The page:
There are many things I love about living in this part of the world: that I can buy coconut grated to order. That Dave and I can easily and quickly hop from country to country and culture to culture. That, as each year passes, it becomes ever more obvious that no matter how much I learn about this region and its foods I'll never, ever know it all.
Salak, or snakefruit, are wildly popular in Malaysia and Thailand. I'd seen them displayed for sale in bundles but never knew that that's how they grow, bunched together around a single stem. Nor did I know they're the fruit of a type of palm tree (for some reason I pictured them hanging from tree branches) and that they grow nestled in fronds covered with dangerously sharp spines. Harvesting salak is no easy task.
In the hills of northern Bali male and female salak trees are planted side-by-side to delineate agricultural property boundaries. Dave took these photos in a small village a terrifying fifteen-minute motorbike ride from the nearest road, soon after the trees' owner had graciously wrestled a couple of bunches free for us to try.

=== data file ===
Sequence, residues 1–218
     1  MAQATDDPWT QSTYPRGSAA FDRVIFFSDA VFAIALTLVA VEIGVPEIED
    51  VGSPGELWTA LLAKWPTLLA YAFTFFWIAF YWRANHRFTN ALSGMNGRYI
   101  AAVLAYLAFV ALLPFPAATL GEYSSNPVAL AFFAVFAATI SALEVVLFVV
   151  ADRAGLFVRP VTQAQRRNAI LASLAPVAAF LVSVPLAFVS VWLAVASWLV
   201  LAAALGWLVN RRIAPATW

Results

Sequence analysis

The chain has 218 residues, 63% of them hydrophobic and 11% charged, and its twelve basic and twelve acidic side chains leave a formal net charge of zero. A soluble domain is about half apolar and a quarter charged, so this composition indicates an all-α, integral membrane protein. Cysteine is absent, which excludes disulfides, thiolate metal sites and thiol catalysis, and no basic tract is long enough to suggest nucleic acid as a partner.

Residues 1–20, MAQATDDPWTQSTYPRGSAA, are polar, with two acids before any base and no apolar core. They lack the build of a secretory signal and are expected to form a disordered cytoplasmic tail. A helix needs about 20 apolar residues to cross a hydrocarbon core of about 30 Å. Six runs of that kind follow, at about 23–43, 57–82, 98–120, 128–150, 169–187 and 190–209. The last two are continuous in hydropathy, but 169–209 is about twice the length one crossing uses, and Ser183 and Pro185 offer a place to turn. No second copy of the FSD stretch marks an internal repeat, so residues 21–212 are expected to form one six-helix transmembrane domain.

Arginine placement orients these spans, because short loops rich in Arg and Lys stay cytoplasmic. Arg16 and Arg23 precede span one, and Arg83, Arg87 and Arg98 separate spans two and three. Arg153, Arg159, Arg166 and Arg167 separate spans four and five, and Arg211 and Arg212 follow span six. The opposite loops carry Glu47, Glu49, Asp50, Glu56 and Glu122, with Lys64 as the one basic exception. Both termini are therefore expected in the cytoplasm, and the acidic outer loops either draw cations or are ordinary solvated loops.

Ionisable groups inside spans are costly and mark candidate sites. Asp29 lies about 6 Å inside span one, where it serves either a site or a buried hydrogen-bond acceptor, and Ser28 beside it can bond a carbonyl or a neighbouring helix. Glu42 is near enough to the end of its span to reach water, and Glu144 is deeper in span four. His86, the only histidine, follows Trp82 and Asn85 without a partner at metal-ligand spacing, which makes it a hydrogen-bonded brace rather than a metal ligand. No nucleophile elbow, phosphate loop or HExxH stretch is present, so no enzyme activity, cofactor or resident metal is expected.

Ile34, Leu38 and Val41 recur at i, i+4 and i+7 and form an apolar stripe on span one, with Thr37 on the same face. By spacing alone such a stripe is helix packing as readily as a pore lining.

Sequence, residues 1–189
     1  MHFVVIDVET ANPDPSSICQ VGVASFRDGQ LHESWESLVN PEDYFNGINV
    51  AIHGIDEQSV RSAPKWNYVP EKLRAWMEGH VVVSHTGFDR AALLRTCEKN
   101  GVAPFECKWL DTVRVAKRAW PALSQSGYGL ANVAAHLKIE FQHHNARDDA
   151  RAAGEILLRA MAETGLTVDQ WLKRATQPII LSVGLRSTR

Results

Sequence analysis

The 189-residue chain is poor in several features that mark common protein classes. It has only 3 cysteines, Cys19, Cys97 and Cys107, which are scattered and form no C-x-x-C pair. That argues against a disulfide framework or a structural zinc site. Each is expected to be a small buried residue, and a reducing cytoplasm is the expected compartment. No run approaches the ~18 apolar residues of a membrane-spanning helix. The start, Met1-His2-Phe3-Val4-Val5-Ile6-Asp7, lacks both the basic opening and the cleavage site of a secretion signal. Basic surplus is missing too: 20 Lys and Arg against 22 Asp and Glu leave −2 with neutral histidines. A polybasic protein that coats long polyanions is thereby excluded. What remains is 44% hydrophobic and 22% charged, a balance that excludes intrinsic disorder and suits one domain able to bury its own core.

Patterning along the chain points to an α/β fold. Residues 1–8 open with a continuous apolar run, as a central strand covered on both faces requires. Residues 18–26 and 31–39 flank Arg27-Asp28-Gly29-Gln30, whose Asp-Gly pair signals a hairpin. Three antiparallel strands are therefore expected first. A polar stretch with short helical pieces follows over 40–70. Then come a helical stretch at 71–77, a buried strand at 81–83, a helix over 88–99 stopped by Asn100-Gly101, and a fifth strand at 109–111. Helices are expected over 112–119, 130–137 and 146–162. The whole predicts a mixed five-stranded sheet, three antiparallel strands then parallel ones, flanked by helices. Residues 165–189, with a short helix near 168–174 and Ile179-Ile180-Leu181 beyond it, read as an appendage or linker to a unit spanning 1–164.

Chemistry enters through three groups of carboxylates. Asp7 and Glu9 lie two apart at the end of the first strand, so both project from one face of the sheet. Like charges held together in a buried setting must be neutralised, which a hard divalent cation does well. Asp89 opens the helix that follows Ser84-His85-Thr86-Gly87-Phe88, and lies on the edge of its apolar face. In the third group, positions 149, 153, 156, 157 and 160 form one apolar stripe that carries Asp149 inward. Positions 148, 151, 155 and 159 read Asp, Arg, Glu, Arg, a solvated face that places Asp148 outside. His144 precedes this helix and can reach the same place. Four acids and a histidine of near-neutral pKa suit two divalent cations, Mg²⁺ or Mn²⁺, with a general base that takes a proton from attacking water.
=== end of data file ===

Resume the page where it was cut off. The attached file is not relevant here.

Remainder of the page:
I learned something else: all salak are not created equal.
Named for their tough scaly skin, snakefruit have long sat low on my list of beloved Asian tropical fruits. I've eaten them in Thailand, Malaysia, on Sumatra (Indonesia), and in the Philippines, and have always found them off-puttingly pungent, their flesh dry, juiceless, oddly chewy, and more likely than not to leave the inside of my mouth feeling as if it's covered with fuzz. In short, an utter waste of jaw power.
Balinese salak are a whole other animal, their flesh moist if not quite juicy, giving if not exactly tender. What's more, they're far from stinky, with a flavor that's a pleasant tropical punch-y mix of banana, pineapple, and the tiniest hint of mango. I may have shunned salak in the past but on Bali I couldn't get enough of them.
Another thing I've learned in Southeast Asia: if at first you're not convinced, taste taste again. Malaysian durian converted me to the King of Fruits (native Balinese durian, by the way, give the Malaysian varieties a real run for their money). And Balinese salak did the same for the ugly snakefruit.